1. The appellants are aggrieved by the rejection of their claim for re-assessment of synthetic industrial diamonds imported by them under heading 71.02(3) of the Customs Tariff Act, 1975. The lower authorities have confirmed the assessment already made under heading 71.04 of the C.T.A. on the ground that the goods were of very small size-less than 500 microns (30 mesh) and, therefore, they answered the description of dust and powder of natural or synthetic precious or semi-precious stones. The lower authorities also observed that the goods have been used for manufacture of industrial abrasives, a use to which dust and powder of precious or semi-precious stones were put to. The appellants are in appeal against this order.
2. For ready reference, we reproduce below the relevant headings of the Tariff: "71.02. Precious and semi-precious stones, unworked, cut or otherwise worked, but not mounted, set or strung (except ungraded stones temporarily strung for convenience of transport): (2) Diamonds, unworked or uncut, including sawn diamonds which require further cutting or faceting, but excluding industrial diamonds.
(4) Precious and semi-precious stones not elsewhere specified, unworked.
"71.03. Synthetic or reconstructed precious or semi-precious stones, unworked, cut or otherwise worked, but not mounted, set or strung (except ungraded stones temporarily strung for convenience of transport)." "71.04. Dust and powder of natural or synthetic precious or semi-precious stones." 3. The appellants invited our attention to the wording of heading 71.04 "Dust and powder of...stones". They argued that this meant that the goods first have to be stones which may then be crushed into powder or dust. The Explanatory Notes to the CCCN, on which the Customs Tariff was largely based, corroborated this interpretation when they stated that dust and powder of the heading 71.04 should be obtained normally (1) by crushing coarse boarts or (2) from the polishing or grinding of the stones. The appellants stated that as against that requirement of the entry 71.04, the diamonds imported by them were produced as such synthetically and they did not undergo any process of cutting or crushing. The entry 71.04, therefore, did not apply to their goods and the entry 71.02(3) was specific for the industrial diamonds imported by them. They added that the intention of the Legislature in charging a lower rate of customs duty on industrial diamonds was evident from the fact that such diamonds enjoyed a concessional rate of duty prior to 2-8-76 as well as after 24-5-77. The only gap, when the concession was not available, was during the period from 2-8-76 to 24-5-77 and this happened because of the switch over to the CCCN-based Tariff. The concession was restored under an exemption notification issued on 25-5-77. Finally, they pleaded that if there was any doubt in the matter, the benefit thereof should be given to the appellants.
4. The Department's representative stated that the exemption notification issued on 25-5-77 was effective only from that date and could not apply to the importations made earlier, as in the present cases under appeal. The fact that the need to issue an exemption notification with reference to the entry 71.04 was felt, confirmed the view that the goods were otherwise subject to a higher rate of duty under that entry. He added that the entry 71.04 was specific for dust and powder and that the words "Dust and powder" did not occur in the entry 71.02.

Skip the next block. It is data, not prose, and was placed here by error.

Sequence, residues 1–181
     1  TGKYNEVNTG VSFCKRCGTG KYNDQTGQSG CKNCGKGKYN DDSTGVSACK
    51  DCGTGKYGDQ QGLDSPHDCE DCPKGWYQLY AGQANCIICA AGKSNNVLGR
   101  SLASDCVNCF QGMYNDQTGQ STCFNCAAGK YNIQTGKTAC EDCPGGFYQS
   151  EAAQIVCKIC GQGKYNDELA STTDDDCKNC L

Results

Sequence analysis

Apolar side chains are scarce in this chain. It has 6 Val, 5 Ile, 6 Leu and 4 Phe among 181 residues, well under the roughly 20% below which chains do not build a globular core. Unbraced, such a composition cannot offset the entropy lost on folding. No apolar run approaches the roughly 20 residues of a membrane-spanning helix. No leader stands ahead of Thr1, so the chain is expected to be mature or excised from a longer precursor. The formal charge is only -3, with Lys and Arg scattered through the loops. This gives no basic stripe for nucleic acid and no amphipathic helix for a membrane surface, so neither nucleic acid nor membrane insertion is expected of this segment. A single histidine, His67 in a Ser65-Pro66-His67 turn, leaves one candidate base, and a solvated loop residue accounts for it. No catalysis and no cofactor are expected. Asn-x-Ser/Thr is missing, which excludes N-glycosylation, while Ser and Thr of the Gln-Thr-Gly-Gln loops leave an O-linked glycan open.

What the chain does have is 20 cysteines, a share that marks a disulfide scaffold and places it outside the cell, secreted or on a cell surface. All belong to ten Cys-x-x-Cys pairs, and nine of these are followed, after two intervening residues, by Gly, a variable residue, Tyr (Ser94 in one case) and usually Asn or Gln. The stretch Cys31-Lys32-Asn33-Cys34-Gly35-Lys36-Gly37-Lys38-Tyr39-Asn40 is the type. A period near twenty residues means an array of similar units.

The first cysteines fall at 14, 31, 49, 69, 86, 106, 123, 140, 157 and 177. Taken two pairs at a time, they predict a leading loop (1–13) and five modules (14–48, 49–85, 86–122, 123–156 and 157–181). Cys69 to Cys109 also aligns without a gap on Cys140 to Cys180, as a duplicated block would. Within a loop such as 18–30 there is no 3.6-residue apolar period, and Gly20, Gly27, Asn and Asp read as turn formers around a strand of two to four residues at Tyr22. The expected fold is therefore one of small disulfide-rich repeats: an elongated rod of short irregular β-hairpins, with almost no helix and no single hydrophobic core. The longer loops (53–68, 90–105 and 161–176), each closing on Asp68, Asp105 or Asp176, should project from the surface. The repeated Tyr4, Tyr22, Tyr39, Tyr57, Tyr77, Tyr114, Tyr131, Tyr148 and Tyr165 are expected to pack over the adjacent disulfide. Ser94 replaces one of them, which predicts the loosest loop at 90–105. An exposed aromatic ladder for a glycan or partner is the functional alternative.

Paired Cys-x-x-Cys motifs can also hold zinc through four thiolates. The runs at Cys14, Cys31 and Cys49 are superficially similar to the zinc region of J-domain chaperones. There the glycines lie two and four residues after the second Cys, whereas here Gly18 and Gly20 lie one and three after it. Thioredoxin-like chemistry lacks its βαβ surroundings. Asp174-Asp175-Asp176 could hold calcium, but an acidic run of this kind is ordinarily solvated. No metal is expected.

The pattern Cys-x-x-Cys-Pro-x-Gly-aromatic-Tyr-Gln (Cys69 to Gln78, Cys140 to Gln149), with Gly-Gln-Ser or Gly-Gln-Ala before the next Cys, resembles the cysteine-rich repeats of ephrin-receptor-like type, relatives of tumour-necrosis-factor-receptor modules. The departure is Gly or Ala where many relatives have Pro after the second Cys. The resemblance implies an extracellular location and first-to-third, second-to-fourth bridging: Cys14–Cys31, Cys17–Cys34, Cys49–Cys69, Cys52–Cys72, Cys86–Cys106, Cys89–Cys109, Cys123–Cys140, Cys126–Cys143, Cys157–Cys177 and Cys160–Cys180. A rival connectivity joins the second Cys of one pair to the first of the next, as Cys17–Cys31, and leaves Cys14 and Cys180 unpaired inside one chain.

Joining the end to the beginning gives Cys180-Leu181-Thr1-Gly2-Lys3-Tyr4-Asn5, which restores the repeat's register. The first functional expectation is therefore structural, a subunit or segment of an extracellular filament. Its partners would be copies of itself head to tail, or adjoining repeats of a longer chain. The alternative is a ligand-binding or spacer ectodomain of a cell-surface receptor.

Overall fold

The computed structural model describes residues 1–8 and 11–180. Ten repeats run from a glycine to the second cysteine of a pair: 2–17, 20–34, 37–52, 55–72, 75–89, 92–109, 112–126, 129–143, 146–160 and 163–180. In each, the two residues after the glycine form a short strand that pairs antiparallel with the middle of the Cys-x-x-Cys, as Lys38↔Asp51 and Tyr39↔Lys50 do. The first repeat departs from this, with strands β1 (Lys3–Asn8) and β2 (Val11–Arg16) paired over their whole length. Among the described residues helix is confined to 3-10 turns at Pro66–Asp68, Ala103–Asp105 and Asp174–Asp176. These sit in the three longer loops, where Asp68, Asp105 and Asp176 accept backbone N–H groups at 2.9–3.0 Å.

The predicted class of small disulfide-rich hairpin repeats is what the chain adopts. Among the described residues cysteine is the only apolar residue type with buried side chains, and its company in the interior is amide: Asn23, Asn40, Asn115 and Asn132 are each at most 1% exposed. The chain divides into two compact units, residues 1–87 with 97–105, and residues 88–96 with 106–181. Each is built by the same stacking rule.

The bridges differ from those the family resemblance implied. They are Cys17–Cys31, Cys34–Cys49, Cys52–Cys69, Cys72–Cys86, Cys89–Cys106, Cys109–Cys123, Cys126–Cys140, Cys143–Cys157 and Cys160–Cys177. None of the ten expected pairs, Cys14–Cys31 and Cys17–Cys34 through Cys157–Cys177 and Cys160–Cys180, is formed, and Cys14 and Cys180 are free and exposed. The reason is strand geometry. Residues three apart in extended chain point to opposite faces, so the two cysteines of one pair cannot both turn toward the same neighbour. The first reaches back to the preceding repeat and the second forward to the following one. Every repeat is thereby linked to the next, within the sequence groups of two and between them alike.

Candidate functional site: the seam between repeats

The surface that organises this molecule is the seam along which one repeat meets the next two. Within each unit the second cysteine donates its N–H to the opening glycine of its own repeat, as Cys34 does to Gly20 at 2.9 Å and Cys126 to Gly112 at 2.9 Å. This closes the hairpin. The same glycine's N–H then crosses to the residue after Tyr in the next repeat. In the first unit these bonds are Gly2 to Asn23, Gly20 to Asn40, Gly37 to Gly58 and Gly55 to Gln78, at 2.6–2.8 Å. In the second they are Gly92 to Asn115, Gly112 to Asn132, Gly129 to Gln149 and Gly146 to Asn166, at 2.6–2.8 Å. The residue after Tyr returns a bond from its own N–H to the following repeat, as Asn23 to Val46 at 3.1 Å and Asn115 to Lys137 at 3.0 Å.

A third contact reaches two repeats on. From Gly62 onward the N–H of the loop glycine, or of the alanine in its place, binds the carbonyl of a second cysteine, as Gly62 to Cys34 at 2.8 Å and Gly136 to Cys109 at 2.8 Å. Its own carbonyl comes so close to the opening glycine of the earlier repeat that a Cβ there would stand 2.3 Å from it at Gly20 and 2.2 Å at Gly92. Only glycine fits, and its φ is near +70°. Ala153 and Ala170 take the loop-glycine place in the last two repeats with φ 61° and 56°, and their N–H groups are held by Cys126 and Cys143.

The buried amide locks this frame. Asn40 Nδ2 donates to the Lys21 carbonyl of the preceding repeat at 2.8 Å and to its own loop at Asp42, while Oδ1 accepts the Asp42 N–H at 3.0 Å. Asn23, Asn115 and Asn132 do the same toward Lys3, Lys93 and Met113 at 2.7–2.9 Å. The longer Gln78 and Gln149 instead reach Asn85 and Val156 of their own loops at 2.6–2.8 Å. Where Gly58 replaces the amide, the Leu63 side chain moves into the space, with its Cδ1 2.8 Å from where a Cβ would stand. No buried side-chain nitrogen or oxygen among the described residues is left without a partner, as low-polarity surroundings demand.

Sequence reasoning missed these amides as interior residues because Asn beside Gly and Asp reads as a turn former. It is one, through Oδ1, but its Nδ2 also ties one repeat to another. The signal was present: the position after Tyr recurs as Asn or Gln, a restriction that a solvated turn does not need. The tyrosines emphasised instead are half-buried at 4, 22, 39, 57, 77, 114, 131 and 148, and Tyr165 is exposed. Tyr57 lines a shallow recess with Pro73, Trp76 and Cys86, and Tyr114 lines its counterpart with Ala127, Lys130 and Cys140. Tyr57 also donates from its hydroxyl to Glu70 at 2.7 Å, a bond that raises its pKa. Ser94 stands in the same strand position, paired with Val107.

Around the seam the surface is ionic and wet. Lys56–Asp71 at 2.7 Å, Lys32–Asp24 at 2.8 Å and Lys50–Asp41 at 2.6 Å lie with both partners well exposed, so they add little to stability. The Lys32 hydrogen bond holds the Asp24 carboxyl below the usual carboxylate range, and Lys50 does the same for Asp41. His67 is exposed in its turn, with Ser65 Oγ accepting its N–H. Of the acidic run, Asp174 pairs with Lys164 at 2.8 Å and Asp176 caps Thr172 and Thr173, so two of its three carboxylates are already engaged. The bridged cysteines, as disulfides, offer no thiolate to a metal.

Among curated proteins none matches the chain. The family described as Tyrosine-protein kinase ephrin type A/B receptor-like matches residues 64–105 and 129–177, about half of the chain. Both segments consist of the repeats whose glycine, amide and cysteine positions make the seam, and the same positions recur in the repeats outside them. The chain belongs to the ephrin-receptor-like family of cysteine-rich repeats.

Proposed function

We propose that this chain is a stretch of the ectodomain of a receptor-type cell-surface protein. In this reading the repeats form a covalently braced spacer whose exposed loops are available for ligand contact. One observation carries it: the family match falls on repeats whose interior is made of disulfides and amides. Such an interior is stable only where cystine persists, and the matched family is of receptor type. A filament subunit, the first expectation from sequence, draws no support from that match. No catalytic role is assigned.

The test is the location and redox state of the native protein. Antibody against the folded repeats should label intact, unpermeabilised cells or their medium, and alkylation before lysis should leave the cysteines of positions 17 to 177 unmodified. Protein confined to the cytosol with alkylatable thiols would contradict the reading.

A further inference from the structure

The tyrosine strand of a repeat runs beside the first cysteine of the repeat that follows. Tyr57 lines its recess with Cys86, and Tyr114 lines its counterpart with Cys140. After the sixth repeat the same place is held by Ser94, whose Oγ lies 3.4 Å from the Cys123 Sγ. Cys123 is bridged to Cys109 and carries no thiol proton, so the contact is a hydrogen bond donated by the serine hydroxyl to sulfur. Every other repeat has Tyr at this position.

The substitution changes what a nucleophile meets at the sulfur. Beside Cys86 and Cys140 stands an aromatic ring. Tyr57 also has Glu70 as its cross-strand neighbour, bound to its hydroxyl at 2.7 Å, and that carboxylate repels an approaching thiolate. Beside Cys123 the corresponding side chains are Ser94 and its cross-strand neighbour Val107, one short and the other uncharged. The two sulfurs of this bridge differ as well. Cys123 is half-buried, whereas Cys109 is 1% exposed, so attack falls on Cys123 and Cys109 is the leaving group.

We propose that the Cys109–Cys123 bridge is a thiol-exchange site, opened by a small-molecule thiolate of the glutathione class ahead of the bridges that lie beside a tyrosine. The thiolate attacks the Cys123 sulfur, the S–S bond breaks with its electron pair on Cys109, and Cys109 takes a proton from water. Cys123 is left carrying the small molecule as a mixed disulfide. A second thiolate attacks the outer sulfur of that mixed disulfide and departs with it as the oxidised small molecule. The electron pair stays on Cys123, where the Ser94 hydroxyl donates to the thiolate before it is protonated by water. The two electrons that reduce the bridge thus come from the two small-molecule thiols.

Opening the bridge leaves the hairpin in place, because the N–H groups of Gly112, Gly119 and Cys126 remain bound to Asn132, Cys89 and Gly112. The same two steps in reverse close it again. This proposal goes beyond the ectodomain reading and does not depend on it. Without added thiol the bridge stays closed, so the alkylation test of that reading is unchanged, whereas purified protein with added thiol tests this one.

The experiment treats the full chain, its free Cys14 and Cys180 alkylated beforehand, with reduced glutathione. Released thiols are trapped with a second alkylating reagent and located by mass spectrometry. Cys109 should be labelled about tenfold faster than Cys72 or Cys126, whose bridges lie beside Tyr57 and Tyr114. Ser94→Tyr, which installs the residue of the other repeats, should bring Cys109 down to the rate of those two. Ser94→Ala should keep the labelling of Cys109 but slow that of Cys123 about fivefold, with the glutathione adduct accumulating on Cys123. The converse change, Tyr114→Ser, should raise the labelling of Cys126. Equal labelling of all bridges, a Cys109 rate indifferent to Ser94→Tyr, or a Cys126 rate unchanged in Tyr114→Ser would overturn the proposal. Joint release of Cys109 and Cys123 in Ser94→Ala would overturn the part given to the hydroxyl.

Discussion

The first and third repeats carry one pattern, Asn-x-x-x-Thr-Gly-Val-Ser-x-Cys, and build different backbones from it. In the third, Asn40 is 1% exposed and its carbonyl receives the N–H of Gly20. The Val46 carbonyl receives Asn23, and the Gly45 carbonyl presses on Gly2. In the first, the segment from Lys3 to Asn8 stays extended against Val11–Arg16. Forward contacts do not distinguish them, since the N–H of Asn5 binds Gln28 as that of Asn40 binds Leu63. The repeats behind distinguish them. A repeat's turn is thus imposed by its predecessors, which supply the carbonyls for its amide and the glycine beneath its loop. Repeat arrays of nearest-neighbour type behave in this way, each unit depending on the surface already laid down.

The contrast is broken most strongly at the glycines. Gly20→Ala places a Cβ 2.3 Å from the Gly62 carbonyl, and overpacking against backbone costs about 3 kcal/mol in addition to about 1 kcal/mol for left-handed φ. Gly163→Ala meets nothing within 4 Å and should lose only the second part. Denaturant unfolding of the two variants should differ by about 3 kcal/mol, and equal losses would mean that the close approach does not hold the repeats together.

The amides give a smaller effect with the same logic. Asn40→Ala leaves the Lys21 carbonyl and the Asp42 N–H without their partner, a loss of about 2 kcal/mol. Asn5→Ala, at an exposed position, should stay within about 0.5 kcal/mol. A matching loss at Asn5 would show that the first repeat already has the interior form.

5. On reading the relevant entries, it appeared to the Bench that the entry 71.02 could not apply to the present goods since this entry related to natural precious and semi-precious stones while the goods imported in the present cases were synthetically produced. For that reason, the Bench felt that the entry 71.03 was more appropriate for the goods in case they did not fall in the entry 71.04. The Bench put this point to both sides. The appellants agreed that synthetic diamonds (which their goods were) would fall under entry 71.03. They mentioned that "industrial diamonds" were specified under entry 71.02 as sub-heading (3). However, on our pointing out that this sub-heading should be taken as referring to those falling within the main description, viz., naturally formed industrial diamonds, they did not press the point. The Department's representative, however, maintained that entry 71.04 was specific for dust and powder and as such this entry alone applied.
6. We have carefully considered the matter. We agree with the appellants that the wording of the entry 71.04 requires that dust and powder covered thereunder should come out of natural or synthetic precious or semiprecious stones. The Explanatory Notes to the CCCN also lent support to this conclusion. Since, in the present cases, it has been the consistent stand of the appellants that their industrial diamonds were synthetically produced as such in the size imported and they did not originate through crushing, cutting, grinding or polishing of natural or synthetic precious or semi-precious stones and since the Department has not controverted this contention of the appellants, we hold that the heading 71.04 did not cover the goods imported. Further, for the reason already discussed and put to both sides, we hold that the heading 71.02 also did not apply to the goods. Consequently, the goods are held to be covered by the heading 71.03 which is the only relevant entry left for consideration and which is wide enough to cover the goods. Accordingly, we set aside the impugned order and direct that the goods should be reassessed under the heading 71.03 read with any exemption notification in force during the relevant period. We direct that if upon such re-assessment the appellants are found entitled to any relief, such relief should be granted to them.